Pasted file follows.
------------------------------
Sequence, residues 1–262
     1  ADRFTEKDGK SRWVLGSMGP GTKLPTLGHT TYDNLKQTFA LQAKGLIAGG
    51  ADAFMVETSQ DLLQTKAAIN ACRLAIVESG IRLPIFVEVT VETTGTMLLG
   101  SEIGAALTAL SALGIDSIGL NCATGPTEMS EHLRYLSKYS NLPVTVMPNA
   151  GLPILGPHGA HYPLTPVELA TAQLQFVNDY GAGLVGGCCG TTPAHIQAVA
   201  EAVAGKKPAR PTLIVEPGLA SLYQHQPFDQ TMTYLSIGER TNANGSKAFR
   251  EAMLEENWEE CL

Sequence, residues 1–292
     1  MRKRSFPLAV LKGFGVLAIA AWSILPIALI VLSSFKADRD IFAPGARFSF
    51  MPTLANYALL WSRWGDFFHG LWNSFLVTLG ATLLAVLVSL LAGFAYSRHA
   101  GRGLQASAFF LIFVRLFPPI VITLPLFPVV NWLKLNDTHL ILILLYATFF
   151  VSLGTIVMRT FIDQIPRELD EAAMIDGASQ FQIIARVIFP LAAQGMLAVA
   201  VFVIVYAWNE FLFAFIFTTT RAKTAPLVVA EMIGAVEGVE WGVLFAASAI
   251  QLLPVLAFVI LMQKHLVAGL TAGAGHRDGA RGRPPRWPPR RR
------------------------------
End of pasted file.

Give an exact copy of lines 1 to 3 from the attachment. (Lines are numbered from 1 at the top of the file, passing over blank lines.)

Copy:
Sequence, residues 1–262
     1  ADRFTEKDGK SRWVLGSMGP GTKLPTLGHT TYDNLKQTFA LQAKGLIAGG
    51  ADAFMVETSQ DLLQTKAAIN ACRLAIVESG IRLPIFVEVT VETTGTMLLG